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Daily CSR

Daily CSR
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Empowering Youth: Reskilling for Climate Action and Sustainable Future


Empowering Youth: Reskilling for Climate Action and Sustainable Future
Green Rising’s core mission is to channel energy and concern into effective, informed action. As we grapple with the fact that “eco-anxiety” impacts 57% of young people worldwide, we recognize that empowerment stems from equipping these young individuals with the tools to transform their anxieties into knowledge and their fears into a catalyst for positive change.

By promoting understanding of climate issues and cultivating green abilities, we’re not merely producing activists; we’re cultivating future leaders, problem solvers, and innovators who will contribute to a sustainable world in fields such as biodiversity, air quality, water conservation, and waste management.

I’m privileged to witness the tangible impact of our commitment to reskilling. We’re setting a definitive path by launching and nurturing initiatives that significantly enhance the employability and entrepreneurial skills of young people.

For example, through readily available online platforms like open.sap.com, learning.sap.com, and partnerships with our peers from SAP University Alliances, we’re equipping individuals with the essential knowledge to make a positive impact on climate action. Our efforts are worldwide. In collaboration with UNICEF’s Generation Unlimited, we’ve equipped over 7.6 million young individuals in India, Turkey, and Vietnam with crucial digital and life skills.

Looking forward, the Youth Agency Marketplace (YOMA), a collaborative creation with young individuals from the continent, aims to reach 1 million youths in Nigeria, Kenya, South Africa, and the Philippines by 2025, providing opportunities for learning and reskilling. Moreover, the SAP Educate to Employ initiative is molding future careers, annually training 100 young talents in each pilot country, with 25 transitioning into internships or roles within the SAP ecosystem.

These are strides towards fostering a generation prepared to spearhead sustainability and innovation.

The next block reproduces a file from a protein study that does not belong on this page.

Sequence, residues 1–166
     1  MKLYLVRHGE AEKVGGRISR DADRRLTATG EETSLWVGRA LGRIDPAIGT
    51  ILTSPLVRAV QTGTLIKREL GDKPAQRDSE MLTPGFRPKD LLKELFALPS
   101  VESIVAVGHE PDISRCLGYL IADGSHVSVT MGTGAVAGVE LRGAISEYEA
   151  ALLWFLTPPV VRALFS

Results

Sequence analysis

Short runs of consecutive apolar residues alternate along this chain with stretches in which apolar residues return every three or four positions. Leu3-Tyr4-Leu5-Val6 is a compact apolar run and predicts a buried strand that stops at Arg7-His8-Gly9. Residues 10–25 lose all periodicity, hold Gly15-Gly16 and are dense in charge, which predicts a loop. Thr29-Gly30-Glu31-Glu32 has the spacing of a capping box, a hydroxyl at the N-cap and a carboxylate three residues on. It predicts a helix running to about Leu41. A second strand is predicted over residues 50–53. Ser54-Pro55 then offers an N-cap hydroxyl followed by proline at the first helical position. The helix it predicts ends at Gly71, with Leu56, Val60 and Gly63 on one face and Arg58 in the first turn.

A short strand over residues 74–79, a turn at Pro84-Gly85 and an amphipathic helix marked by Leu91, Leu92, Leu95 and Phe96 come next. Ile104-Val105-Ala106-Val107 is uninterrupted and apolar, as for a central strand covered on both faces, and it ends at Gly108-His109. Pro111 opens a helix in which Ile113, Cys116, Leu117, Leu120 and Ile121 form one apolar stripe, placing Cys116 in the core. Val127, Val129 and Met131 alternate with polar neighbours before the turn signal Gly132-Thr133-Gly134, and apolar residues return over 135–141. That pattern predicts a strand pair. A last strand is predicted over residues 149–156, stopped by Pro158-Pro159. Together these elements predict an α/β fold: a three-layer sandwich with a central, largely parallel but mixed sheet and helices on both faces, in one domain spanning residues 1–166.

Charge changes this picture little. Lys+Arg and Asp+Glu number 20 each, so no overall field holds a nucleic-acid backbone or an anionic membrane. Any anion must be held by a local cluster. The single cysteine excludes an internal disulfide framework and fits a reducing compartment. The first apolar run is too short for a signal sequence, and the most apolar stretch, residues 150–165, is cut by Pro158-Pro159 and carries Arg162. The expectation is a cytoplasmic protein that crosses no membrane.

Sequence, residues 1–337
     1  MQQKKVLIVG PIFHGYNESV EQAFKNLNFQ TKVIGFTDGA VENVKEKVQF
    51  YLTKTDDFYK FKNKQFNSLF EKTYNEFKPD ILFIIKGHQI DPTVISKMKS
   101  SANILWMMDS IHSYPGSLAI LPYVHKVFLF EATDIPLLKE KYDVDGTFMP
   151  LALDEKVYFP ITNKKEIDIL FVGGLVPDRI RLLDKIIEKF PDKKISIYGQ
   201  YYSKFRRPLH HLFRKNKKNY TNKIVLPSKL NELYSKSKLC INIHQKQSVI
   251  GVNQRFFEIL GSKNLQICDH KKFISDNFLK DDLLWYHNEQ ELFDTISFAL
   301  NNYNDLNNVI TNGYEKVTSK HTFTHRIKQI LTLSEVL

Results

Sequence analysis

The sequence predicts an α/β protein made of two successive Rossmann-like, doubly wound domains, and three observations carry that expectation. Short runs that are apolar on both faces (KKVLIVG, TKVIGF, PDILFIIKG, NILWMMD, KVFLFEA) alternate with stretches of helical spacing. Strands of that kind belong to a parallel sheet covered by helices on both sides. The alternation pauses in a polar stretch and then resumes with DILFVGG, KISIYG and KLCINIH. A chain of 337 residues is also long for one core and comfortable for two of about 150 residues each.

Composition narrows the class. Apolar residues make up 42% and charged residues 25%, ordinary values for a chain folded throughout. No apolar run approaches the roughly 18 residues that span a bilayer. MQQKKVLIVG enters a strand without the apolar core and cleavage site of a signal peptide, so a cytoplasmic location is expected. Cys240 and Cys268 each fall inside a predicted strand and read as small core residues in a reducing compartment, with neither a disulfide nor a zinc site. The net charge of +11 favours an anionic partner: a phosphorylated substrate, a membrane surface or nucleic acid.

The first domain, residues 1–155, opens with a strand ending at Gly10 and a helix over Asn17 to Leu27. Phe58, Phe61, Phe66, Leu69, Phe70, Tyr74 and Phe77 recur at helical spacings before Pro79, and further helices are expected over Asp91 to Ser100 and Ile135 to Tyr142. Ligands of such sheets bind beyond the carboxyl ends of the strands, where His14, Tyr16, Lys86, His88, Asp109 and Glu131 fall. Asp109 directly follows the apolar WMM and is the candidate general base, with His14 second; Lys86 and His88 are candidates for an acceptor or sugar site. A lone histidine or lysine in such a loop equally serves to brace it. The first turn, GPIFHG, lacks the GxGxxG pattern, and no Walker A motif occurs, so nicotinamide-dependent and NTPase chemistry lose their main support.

In my experiences attending conferences, I’ve frequently observed a critical missing component: the direct involvement of the young individuals we’re discussing. It’s one thing to educate and upskill them with essential knowledge, but it’s another to genuinely empower them to be part of the dialogue. It’s about transcending mere training and offering youth real platforms to apply their new skills and innovative ideas to the global climate discussion.

This philosophy underpins our approach to representation, with long-standing partners and organizations such as We Are Family Foundation and ChangemakerXChange in programs like Youth To The Table.
I firmly believe that the real catalyst for change is something quite straightforward yet frequently neglected: the authentic inclusion of young people in discussions and decision-making that will shape their future.

This strategy is embodied in the saying “Nothing about us without us.” It’s about changing the narrative, transitioning from merely talking about climate issues concerning young people to actively engaging with them. They are not mere observers, but active participants in the decision-making process.

For example, we are inviting 50 young leaders from around the world to the COP28 conference to hear their innovative thoughts and learn from their solutions. We have done this in the past and will continue to do so at global forums like the World Economic Forum and the United Nations General Assembly. Observing young leaders confidently influencing global discussions serves as a potent reminder of our mission — it’s about enabling them to shape the world they will inhabit.

Currently, only 0.76% of grants from major climate foundations support youth-led climate initiatives. This indicates that while mobilizing, reskilling, and giving them a voice is essential, it is insufficient. To tackle climate change, we must direct more resources towards projects and innovations led by youth, particularly in the most impacted communities. This involves not just discussing, but investing in their ideas through project grants, mentorship programs like Climate Hacks, and corporate pro-bono consulting programs that link experts with social and climate enterprises to enhance their impact and transform youthful enthusiasm and innovation into concrete, world-altering solutions.

Upon reflection, I’m reminded of the distinct and impactful role corporations can play in promoting long-term social change. Leading these initiatives at SAP has been both a responsibility and a privilege, providing a firsthand view of the transformative power of education.

Witnessing young individuals brimming with potential and a desire to make a difference serves as a constant reminder of the importance of our work. Every digital challenge we initiate, every skill we impart, and every voice we amplify is more than just a corporate obligation. It’s about illuminating a path for these young leaders who will eventually assume responsibility for creating a sustainable and fair world.

The discussions I engage in, the stories I listen to, and the apparent enthusiasm and determination among the youth leave a profound impact on me. They remind me that our dedication to empowering young people extends beyond corporate boardrooms and conferences. It serves as a reminder of the potential for corporations to make a significant contribution to a sustainable, equitable, and bright future for everyone. It’s about fostering a future that we all have a stake in.